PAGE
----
Concrete paving began in May to complete the final portion of the Heartland Expressway in South Dakota. The Heartland Expressway is being constructed to bring an almost 500-mi. (804-km) four-lane divided highway from Denver to Rapid City, S.D., where only two lanes previously existed.
Work on the Heartland Express began in Rapid City in 1997 and since then has included several projects, totaling 71 mi. (114 km), along U.S. 385, South Dakota 79, and U.S. 18.
This final four-lane segment in South Dakota is being constructed from Oelrichs, S.D., south to the Nebraska border on Highway 385. Two new paved lanes are being constructed for northbound traffic, while the existing two lanes will be upgraded for southbound traffic.
In mid-May concrete paving began starting a half a mile north of Oelrichs on the new northbound two-lane highway and, once complete, concrete paving was moved to the southbound lanes continuing to the railroad tracks 5 mi. (8 km) south of Oelrichs, according to Tim Wicks, engineering supervisor of the South Dakota department of transportation.
As of early August crews of Loiseau Construction Inc. of Flandreau, S.D., were constructing the southbound lanes from Oelrichs to 2 mi. (3.2 km) south of Oelrichs, which will be completed with an asphalt surface by mid-August, Wicks said.
“We are actually recreating the roadway to improve the vertical curves so the site distance is improved. The rest of the southbound lanes, 11 miles from where the new two miles of roadway are being constructed ends to Nebraska, will get an overlay because those lanes are in good condition.
Early in May heavy dirt excavation was done with scrapers 3 to 4 mi. south of Oelrichs on Highway 385 and trucks were hauling gravel for the new northbound road. Some of the existing asphalt surface, 73,000 tons (66,224 t), was milled for use under the concrete and asphalt, using a TR1200 rotor miller to scribe the existing asphalt to remove it for reuse, Wicks said. About 120,000 tons (108,862 t) of virgin granular also was used under the concrete and asphalt.
Crews also used two Cat 637 scrapers, five 631 scrapers, a 627 scraper, and two challengers to process dirt. Four blade scrapers, two 14s, one 16, and one 140 also were used, according to Matt Rippentrop, project engineer of the South Dakota department of transportation.
Stanley Johnson Concrete of Rapid City, S.D., the prime contractor on the concrete portion of the project, poured 8 in. (20 cm) of non-reinforced concrete, a total of 222,000 sq. yds. (185,620 sq m), to complete the additional lanes, in addition to 54,000 tons (48,988 t) of asphalt.
To prepare the subsurface, eight side-dump trucks were used to haul materials, three water wagons, two of which were 631s and one is a TS31, were used, along with two water trucks. Three dozers, a D10, a D9, and a D8 were used to spread the gravel. Two farm tractors pulled rollers to compact the subsurface.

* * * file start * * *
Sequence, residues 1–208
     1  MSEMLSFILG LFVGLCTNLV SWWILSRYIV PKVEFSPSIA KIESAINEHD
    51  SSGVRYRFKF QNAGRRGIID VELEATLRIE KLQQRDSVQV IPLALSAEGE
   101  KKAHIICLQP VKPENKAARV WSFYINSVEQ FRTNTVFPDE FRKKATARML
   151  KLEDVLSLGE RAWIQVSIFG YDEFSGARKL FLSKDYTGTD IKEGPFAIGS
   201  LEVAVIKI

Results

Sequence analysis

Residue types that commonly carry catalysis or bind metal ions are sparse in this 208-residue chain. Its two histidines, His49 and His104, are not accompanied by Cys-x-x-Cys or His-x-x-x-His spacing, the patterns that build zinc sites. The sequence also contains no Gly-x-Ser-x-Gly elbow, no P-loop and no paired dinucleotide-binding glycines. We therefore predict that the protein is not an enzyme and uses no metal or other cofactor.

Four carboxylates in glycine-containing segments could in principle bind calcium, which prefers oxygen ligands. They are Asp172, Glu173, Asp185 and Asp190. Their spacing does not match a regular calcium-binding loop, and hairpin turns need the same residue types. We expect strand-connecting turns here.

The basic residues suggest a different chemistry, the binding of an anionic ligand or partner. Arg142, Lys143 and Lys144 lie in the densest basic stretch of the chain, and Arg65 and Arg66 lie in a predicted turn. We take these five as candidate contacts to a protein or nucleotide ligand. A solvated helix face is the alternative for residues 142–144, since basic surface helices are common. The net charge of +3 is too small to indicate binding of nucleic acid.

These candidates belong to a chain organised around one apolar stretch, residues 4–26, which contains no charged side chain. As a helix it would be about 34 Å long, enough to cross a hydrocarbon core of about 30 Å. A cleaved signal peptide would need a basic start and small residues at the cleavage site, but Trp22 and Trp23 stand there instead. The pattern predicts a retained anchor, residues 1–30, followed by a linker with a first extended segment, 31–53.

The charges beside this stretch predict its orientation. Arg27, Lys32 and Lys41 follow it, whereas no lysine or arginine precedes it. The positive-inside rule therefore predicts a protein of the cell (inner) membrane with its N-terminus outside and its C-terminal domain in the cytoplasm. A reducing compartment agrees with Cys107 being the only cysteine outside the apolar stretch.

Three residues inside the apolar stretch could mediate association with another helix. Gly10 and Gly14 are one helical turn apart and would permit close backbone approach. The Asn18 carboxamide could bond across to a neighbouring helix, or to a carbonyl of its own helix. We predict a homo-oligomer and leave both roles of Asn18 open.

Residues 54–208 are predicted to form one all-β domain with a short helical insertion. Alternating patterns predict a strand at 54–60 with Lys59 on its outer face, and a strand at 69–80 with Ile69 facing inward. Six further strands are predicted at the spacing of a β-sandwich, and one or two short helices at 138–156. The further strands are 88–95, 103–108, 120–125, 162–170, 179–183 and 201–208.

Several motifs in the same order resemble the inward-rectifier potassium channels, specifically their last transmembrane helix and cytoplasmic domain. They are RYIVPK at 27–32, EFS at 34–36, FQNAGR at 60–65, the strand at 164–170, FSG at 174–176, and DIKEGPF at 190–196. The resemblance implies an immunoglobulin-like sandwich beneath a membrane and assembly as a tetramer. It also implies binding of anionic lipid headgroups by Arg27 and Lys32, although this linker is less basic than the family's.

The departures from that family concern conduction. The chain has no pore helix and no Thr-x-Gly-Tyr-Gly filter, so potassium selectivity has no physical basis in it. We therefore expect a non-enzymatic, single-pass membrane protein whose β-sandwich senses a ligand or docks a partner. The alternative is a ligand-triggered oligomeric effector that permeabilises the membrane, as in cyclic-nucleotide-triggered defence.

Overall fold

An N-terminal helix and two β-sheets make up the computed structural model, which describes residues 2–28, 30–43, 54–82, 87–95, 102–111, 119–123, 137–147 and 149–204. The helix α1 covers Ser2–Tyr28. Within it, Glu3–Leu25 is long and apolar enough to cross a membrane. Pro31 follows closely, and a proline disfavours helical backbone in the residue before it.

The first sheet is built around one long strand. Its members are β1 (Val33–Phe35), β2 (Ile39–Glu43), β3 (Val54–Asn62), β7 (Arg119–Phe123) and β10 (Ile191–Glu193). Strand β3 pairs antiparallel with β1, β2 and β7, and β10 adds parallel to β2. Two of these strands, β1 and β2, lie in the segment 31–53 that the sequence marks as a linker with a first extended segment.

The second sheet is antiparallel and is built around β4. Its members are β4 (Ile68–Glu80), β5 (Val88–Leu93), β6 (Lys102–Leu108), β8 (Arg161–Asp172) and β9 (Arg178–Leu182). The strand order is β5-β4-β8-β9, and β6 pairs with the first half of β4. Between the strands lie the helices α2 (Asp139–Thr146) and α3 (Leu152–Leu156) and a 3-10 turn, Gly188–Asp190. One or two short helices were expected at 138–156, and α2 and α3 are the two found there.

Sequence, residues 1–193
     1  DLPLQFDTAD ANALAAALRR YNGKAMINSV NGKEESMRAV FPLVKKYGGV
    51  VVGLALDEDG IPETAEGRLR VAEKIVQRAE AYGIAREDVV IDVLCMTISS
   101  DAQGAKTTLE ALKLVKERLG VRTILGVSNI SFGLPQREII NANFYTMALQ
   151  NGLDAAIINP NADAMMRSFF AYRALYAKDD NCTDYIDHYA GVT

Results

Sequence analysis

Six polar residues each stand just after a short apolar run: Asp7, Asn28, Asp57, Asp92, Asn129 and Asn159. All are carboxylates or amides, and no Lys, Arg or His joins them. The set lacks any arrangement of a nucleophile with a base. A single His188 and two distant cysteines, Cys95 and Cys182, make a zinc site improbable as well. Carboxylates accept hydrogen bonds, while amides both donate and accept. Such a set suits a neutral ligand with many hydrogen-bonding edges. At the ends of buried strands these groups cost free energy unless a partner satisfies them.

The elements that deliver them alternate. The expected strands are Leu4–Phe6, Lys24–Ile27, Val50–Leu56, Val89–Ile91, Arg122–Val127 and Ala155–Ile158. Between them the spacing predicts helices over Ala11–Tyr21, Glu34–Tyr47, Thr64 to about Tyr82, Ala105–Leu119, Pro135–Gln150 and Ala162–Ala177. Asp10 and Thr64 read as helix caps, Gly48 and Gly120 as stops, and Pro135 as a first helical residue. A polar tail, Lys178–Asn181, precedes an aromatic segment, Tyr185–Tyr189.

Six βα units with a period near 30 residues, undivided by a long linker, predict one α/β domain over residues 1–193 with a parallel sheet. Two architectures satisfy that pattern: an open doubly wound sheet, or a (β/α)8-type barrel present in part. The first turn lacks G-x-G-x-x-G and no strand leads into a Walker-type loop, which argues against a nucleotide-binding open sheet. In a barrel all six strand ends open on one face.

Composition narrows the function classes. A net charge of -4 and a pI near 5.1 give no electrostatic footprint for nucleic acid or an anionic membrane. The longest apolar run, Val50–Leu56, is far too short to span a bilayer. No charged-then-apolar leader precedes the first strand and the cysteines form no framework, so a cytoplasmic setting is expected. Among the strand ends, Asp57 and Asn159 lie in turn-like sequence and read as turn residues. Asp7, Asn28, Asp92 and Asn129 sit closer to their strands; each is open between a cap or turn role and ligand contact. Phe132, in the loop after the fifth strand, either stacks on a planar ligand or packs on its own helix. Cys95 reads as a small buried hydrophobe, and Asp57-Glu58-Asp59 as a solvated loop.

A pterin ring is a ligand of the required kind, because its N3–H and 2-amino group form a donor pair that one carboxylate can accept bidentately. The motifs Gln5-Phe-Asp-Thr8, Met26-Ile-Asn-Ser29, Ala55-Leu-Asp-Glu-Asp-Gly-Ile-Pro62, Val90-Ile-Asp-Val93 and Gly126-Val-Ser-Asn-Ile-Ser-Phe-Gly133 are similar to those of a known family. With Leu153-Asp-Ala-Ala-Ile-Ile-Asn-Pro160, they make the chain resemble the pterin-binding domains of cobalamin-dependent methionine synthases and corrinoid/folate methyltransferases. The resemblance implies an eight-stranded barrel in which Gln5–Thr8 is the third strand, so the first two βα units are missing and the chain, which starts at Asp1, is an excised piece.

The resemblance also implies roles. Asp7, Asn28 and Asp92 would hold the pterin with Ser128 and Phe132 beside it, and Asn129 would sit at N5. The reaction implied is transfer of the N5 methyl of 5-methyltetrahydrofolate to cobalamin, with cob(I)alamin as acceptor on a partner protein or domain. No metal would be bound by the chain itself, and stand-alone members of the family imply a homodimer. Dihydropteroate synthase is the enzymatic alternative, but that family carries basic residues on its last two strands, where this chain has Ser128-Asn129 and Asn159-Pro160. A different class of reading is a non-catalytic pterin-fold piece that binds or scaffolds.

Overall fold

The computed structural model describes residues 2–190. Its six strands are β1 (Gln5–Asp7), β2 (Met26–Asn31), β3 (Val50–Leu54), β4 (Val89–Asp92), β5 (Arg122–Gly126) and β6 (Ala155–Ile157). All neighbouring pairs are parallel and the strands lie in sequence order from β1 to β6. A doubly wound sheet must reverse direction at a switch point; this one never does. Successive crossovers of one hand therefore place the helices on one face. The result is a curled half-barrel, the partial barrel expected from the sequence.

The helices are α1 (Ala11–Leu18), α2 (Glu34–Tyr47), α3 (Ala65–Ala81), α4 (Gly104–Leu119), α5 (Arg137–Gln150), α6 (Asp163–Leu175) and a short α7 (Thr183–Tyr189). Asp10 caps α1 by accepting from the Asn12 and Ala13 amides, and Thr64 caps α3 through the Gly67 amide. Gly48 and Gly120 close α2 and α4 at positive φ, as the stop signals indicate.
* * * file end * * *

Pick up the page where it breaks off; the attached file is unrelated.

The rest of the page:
The $25 million project saw a slight increase of $200,000, mostly due to the need to improve some existing pipe connections under the surface of the existing lanes that workers could get to.
“The need to replace these was noticed by project personnel who thought this would be the best time to fix the issue,” Wicks said.
The pipes were replaced in areas from 2 mi. (3.2 km) south of Oelrichs to the Nebraska state line.
The project also includes constructing the new Horsehead Creek Bridge and five box culverts, all in the new northbound lanes. Work on the bridge, located 4 mi. (6.4 km) south of Oelrichs, began last fall and continued into early winter. Crews installed and drilled 30-in. (76 cm) diameter shafts to about 42-ft. (12.8 m) deep using 56 cu. yds. (42.8 cu m) of concrete.
About 700 ft. (213 m) of hp10 X 57 steel pile was driven and the abutments and columns were poured.
“That is where the bridge project sits right now,” Wicks said. “The deck remains to be poured. And hasn’t been started due to subcontractors’ schedules. The bridge has a deadline of Oct. 1, 2014, as does the rest of the project, so once subcontractors’ schedules line up, work will proceed.”
To complete the deck portion of the 134-ft. (41 m) long bridge, 289 cu. yds. (221 cu m) of concrete will be needed. The three-span, concrete bridge is 36-ft. (11 m) wide and is being constructed over the northbound lanes. The southbound bridge already exists so nothing will be done to it other than changing the guardrail so it is correct for one-way traffic, as opposed to the two-way traffic in the past, Wicks said.
Three of the new box culverts are 9 by 8 ft. (2.7 by 2.4 m) precast and are intended as cattle passes under the roadway.
The fourth box culvert is 11 by 7 ft. (3.35 by 2.1 m) precast, which is replacing a bridge on the existing lanes located over Blair creek, about 7 mi. (11 km) south of Oelrichs.
The final box culvert is a triple barrel 10 by 7 ft. (3 by 2 m) precast box culvert that replaces an existing box culvert on antelope Hollow Creek. This culvert runs through the southbound and the northbound lanes.
It was anticipated at one point that the project could potentially be completed in 2013 — a year ahead of schedule.
“The contractor had hoped to complete it this year but the South Dakota DOT believed it was too much work to be done in one year. Scheduling didn’t work out in the contractor’s favor,” Wicks said, adding that there are several subcontractors on the project whose schedules didn’t sync with the prime contractor as well as they had hoped once the subs organized their other project schedules.
“Otherwise we faced pretty normal issues. We had some rain this spring but it didn’t hold up the contractors for any significant amount of time; a day or two here or there,” said Wicks.